Magazine article The Spectator

Douglas Writes and Tells

Magazine article The Spectator

Douglas Writes and Tells

Article excerpt

MANY POLITICIANS write autobiographies when they retire which reveal nothing. Douglas Hurd has written a novel, which reveals everything. The Shape of Ice, to be published next month, purports to be about events in the distant future. Actually it deals with the recent past. The book's main characters bear an uncanny resemblance to some of Lord Hurd's closest colleagues in the Thatcher and Major governments.

The book is supposedly set in some fictitious future Conservative administration which sweeps to power after the fall of Tony Blair. If so, why does the fictitious Prime Minister sound so much like John Major? `He had a knack of seeing with some sympathy into the minds of others, which made him a good colleague and an excellent chairman. Other more heroic gifts such as a subtle intellect, a soaring imagination or resounding eloquence he left to others.' Ring any bells?

The Home Secretary, Roger Courtauld, strikes a chord too. He is `heavy in body, heavy indeed in political weight, but light in spirit, always in good humour - a fat man, always on his toes.' Courtauld always writes his speeches at the last moment, shoots his mouth off, is brilliant but lazy, notably disloyal and is fond of a pint of beer. In short, Lord Hurd does not even try to conceal the fact that this `big, bluff bugger' is modelled on Kenneth Clarke.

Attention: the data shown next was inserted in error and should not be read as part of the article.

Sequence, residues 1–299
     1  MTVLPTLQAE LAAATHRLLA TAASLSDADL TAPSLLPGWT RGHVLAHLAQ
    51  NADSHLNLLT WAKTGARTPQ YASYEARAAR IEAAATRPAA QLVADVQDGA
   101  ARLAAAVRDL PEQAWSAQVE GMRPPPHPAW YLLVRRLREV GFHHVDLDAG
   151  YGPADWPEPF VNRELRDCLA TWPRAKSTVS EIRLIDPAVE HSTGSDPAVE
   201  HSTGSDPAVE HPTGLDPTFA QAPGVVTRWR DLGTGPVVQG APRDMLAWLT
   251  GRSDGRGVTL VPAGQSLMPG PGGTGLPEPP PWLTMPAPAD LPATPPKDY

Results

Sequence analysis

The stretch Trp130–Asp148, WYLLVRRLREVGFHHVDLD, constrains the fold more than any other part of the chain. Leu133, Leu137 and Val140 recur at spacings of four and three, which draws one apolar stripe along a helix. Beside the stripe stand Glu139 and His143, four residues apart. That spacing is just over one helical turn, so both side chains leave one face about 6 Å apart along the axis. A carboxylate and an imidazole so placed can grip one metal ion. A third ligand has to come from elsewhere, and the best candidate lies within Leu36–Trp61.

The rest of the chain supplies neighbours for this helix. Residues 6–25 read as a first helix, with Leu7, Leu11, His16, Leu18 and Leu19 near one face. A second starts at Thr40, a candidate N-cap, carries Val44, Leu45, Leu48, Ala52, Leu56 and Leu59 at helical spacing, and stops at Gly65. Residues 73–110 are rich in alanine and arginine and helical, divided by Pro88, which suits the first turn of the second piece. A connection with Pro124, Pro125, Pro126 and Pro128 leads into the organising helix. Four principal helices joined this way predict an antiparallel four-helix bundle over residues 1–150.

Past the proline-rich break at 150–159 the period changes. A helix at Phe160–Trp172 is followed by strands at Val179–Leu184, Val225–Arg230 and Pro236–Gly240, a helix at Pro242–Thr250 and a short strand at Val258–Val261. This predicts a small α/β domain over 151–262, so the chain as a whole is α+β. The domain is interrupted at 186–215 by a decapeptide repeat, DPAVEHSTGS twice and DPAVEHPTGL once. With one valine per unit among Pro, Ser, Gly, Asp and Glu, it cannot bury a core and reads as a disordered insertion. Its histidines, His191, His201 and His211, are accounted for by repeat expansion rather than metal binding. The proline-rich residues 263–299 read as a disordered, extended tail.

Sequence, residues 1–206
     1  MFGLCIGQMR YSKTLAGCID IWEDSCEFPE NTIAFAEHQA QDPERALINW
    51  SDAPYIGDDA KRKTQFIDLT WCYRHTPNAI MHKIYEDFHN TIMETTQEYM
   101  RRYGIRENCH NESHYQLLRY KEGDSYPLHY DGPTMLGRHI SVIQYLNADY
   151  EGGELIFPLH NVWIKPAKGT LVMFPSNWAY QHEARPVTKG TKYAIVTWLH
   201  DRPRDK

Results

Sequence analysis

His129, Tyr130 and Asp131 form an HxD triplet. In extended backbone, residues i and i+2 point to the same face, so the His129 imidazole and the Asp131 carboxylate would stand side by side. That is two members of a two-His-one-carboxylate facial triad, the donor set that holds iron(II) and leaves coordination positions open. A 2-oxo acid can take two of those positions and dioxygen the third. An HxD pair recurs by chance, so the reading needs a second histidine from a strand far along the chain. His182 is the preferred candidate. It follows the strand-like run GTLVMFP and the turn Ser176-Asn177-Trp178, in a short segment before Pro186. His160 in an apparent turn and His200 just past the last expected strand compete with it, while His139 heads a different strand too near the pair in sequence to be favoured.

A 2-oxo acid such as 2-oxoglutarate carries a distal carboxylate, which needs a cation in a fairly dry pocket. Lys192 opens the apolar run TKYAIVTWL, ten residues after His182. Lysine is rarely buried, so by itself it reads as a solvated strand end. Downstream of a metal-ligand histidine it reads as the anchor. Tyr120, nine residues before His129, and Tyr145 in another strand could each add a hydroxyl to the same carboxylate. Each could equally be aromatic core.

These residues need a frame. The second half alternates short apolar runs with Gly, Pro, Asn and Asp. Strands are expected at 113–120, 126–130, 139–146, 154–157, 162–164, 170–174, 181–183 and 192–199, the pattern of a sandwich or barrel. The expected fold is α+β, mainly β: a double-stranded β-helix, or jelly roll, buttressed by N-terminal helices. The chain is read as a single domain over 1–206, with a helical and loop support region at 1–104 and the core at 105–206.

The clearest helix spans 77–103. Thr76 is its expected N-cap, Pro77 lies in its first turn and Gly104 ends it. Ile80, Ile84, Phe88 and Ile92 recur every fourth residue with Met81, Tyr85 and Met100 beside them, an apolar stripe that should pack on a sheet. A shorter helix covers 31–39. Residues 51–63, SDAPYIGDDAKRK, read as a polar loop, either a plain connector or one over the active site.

But most telling of all is the portrait of Margaret Thatcher. In this book she is given the name of Joan Freetown. Freetown is not Prime Minister, though she would very much like to be, but Chancellor of the Exchequer. She is humourless, fanatically hard-working, dogmatically right-wing and inflexible. She combines a fondness for holidays in Switzerland with an amiable husband called Guy who saves her from going completely round the bend.

Lord Hurd is unable to hide his finding Freetown/Thatcher detestable. Most of the deadliest jibes in the book are aimed at her. Consider: `Her formidable intelligence was hampered by a failure to handle human conversation.' Or, worse still: `She was a thoroughgoing politician of not quite the first class, her exceptional determination balanced by tactical ineptitude.'

On the broader international scene there is trouble in Moscow from a fascist leader based on Zhirinovsky. David Trimble takes centre stage as Strachan, leader of the Ulster Unionists and - like Trimble - a law graduate of Queen's, Belfast. The assessment is accurate but damning: 'Strachan was honourable and had shown much personal courage during the Troubles. It was impossible to trip him up because he constantly brought down each discussion to the level at which he was expert, that of grinding details. It would not have occurred to him that any more imaginative equipment was necessary for the Unionist leader.'

All this will be obvious enough to any reader of the book with a passing interest in British politics. To those with a specialist knowledge of Westminster, there is much more besides. No. 10 press spokesmen play an important role. There was a `raffish interlude when the Press Office had been run by a red-haired enthusiast from the Foreign Office'.

Clearly this fictitious press secretary from the Foreign Office has no connection whatever with Sir Christopher Meyer, now British ambassador to Washington. …

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